Valentine’s Day may be just another one of those peak goyische holidays that we’re forced to suffer through—what could the martyrdom of an early Christian saint possibly have to do with the Jews?—but that doesn’t mean we’re any more immune to the calls of romance and love than our non-Jewish neighbors. With that in mind, consider putting a Jewish spin on whatever rituals you and your sweetie perform each Valentine’s Day. To help, here are excerpts from four Yiddish poems to read (or sing!) to your bashert. (Full poems are linked below.)
All my yesterdays were steps
that led to you and you and I alone.
My heart was like a harp that slept
until you made the strings your own.
Born in Poland in 1914, the author published nine volumes of poetry from 1944 to 1991, and much much of it has been translated into English, Russian, French, Vietnamese, Chinese, and Hebrew. The Dora Teitelboim Center for Yiddish Culture in Coral Gables, Florida, works to preserve her legacy and support new work in Yiddish. Teitelboim’s poetry sparkles with rich imagery; here, of trees, harps, and time.
Oh lovely one, I want to give you so much now.
Love? Death? Do I even know?
But a yearning bends me, it rocks me, like a storm.
Come and burn through.
Anna Margolin, the pen name of Rosa Lebensboim (1887-1952), moved to New York in 1913 and published her work in a wide range of Yiddish newspapers, in addition to serving on the Editorial Board of Der Tog. The Song of a Girl is intense, with its potent mixture of love and death.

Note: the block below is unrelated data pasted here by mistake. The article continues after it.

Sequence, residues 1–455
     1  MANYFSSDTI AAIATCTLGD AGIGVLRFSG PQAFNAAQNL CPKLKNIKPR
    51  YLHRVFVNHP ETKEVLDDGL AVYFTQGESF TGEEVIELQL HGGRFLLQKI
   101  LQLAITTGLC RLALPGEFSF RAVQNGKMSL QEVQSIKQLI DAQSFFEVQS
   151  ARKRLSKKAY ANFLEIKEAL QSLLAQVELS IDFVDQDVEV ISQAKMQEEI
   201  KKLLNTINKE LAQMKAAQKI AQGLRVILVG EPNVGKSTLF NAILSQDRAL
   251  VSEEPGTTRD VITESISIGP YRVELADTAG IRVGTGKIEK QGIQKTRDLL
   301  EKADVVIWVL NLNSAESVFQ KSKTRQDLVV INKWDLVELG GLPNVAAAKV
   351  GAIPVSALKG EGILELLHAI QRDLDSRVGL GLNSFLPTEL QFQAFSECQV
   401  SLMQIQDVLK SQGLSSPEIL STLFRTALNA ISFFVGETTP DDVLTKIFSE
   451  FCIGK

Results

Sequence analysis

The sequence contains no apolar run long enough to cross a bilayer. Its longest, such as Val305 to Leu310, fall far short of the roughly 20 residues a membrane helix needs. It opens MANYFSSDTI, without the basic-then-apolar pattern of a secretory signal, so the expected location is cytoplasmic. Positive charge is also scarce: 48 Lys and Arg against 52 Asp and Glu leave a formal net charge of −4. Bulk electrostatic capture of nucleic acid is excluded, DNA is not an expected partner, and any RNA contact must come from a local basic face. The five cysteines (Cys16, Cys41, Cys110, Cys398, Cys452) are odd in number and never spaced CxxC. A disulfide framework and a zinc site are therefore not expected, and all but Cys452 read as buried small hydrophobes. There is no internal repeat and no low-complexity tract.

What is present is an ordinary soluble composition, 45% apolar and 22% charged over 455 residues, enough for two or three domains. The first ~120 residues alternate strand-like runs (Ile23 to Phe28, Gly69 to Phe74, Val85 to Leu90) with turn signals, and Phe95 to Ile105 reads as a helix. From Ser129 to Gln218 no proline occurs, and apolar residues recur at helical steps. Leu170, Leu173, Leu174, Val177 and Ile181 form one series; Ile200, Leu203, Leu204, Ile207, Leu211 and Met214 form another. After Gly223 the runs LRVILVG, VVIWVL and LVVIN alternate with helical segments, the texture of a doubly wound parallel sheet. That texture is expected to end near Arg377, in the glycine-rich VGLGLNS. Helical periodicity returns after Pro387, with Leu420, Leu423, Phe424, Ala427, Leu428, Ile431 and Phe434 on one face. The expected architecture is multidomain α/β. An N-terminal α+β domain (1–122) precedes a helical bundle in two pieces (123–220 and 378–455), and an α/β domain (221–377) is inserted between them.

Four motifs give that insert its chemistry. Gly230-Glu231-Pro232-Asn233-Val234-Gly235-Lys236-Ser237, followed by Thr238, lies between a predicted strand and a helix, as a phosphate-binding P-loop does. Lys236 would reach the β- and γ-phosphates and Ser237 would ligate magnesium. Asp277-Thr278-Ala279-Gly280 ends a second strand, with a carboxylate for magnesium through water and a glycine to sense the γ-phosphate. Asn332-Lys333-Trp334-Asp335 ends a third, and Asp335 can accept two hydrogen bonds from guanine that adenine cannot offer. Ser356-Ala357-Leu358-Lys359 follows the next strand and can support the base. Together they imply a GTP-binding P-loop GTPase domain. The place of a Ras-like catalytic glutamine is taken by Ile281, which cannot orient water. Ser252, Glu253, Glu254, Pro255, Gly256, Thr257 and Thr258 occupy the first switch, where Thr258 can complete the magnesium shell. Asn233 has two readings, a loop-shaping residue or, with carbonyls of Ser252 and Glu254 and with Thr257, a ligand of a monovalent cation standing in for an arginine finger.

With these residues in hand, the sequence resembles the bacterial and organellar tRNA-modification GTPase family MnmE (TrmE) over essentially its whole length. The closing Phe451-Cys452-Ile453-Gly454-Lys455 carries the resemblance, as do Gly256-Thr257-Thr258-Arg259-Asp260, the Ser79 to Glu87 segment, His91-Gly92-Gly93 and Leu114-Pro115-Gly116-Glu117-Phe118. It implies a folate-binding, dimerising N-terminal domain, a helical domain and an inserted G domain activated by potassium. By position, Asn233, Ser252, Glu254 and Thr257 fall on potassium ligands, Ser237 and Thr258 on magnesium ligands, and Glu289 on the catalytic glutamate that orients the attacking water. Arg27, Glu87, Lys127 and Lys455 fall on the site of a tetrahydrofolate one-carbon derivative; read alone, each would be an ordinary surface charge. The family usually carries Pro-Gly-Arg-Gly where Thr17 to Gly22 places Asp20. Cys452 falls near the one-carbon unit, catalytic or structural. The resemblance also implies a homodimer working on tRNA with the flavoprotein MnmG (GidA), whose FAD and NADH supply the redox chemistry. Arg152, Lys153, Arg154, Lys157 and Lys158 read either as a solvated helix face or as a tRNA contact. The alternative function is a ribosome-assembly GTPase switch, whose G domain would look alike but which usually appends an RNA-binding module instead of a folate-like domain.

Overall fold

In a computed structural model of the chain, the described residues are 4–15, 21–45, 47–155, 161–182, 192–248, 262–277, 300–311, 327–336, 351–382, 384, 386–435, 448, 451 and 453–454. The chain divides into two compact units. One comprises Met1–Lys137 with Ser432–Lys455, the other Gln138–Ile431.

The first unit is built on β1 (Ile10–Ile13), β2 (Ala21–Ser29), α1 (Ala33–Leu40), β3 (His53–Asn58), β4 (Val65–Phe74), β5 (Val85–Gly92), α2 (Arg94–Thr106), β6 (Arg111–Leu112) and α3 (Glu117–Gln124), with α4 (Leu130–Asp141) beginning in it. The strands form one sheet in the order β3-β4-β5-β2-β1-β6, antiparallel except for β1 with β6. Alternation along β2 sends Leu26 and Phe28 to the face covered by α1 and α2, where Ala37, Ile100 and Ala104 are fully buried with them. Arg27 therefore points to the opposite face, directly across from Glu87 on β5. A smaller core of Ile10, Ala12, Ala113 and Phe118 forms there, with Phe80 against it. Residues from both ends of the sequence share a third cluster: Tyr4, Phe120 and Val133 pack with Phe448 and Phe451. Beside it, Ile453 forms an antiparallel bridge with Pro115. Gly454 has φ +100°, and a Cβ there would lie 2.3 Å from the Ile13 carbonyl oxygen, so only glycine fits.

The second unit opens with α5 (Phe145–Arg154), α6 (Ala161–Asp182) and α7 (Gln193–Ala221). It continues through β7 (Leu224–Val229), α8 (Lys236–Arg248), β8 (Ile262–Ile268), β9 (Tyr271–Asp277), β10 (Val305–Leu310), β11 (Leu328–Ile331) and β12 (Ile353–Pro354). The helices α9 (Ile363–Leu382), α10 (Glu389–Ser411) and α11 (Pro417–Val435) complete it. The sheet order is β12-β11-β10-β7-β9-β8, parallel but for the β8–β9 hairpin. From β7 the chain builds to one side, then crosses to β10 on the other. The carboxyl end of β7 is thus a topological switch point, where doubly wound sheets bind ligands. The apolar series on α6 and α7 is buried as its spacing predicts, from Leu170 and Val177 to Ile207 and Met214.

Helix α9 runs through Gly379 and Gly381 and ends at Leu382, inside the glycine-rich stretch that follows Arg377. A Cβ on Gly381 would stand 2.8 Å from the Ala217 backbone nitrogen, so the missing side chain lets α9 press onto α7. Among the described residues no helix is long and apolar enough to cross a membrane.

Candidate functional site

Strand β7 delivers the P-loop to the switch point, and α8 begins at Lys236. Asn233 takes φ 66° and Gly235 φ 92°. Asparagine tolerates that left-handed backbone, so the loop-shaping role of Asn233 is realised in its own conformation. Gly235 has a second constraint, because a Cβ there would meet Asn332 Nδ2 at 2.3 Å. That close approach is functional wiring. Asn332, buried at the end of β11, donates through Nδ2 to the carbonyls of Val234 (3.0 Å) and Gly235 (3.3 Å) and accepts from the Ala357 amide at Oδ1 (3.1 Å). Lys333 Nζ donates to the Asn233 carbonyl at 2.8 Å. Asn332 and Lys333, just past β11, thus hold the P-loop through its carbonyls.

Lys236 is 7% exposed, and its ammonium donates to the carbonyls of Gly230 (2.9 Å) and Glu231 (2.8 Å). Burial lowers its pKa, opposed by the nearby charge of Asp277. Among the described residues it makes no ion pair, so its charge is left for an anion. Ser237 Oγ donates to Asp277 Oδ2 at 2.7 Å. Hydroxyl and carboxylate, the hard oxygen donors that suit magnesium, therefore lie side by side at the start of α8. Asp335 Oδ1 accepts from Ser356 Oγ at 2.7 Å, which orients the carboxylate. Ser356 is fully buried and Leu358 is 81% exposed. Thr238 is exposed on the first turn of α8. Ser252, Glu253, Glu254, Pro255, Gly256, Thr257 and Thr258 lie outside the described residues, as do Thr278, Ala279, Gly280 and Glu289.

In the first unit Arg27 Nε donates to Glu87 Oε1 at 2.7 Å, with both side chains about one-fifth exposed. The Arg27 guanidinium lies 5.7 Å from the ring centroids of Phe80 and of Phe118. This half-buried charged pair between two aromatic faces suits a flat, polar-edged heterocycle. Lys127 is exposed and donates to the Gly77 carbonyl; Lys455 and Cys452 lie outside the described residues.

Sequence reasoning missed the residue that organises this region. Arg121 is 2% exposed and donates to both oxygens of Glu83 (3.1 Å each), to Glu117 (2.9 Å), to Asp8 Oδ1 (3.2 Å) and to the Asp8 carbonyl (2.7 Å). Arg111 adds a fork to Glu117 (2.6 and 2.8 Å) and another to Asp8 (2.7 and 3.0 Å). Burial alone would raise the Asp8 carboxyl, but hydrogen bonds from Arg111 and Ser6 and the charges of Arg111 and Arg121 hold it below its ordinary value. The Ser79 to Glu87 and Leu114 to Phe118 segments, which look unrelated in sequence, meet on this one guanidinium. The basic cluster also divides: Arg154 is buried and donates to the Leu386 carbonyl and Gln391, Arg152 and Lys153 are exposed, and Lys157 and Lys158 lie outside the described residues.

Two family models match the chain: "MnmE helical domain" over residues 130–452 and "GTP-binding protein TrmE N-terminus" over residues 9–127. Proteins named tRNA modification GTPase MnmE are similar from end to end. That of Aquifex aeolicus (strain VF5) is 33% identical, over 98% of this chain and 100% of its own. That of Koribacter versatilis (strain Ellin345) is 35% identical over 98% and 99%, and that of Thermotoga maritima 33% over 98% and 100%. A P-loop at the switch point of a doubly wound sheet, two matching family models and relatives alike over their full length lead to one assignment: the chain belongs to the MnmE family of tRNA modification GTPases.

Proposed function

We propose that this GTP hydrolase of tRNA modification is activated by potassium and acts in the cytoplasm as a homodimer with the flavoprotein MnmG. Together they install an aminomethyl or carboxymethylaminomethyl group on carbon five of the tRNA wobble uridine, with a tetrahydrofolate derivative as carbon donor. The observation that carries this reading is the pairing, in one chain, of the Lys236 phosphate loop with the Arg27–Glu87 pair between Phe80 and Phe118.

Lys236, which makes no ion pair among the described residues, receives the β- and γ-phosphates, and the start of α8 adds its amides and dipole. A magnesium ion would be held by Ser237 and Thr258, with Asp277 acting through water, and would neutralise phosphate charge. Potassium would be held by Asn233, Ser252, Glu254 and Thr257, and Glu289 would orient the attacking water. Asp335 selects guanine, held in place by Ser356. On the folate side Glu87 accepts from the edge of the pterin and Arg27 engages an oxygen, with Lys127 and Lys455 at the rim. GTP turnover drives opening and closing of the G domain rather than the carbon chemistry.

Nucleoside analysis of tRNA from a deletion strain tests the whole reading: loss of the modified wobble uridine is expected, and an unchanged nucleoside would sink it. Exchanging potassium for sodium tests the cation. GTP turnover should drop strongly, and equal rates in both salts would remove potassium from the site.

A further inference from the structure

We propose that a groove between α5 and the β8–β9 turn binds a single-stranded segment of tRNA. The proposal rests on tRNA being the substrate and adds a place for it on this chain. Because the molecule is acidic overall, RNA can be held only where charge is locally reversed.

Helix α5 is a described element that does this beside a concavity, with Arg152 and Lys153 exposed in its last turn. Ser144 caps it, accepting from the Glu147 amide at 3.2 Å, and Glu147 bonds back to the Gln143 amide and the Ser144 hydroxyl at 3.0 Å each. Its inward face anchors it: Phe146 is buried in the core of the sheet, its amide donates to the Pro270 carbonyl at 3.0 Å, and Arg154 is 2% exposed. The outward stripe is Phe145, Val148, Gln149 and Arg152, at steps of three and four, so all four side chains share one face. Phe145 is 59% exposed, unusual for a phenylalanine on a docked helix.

A river runs through my heart
It’s water: silver-silk,
And my hand that caresses your head
Emits waves of quiet joy.
There is a fence around my heart
A small door opens in
And my mouth on your mouth–
Kisses a path into creation
Below, the trio Magillah performs Rosenfarb’s 1968 poem in song, set to the original music by Henri Oppenheim. It’s heartfelt and moving. Rosenfarb (1923-2011) survived the Lodz ghetto and multiple concentration camps, eventually settling in Montreal, where she continued to write for the rest of her life, in addition to raising a family. That Bubble of Being, a documentary about her life and work, premiered last year.
I will go where your eyes lead me,
through fields, valleys, through a dense forest
where paths are crooked and curved
and quiet darkness holds you in its arms.
Celia Dropkin’s poetry carved out new territory for Yiddish writing and women’s poetry with its frank and often explicit sexual themes and imagery. Your Eyes, however, poem is modest, with its lovely images of summertime travel. Dropkin (1887-1956) was born in Belarus and emigrated to new York in 1912. Her poetry was acclaimed in her lifetime but she lived to see only one book of her work published, 1935’s In Heysn Vint (In the Hot Wind).
Rose Kaplan is an intern at Tablet.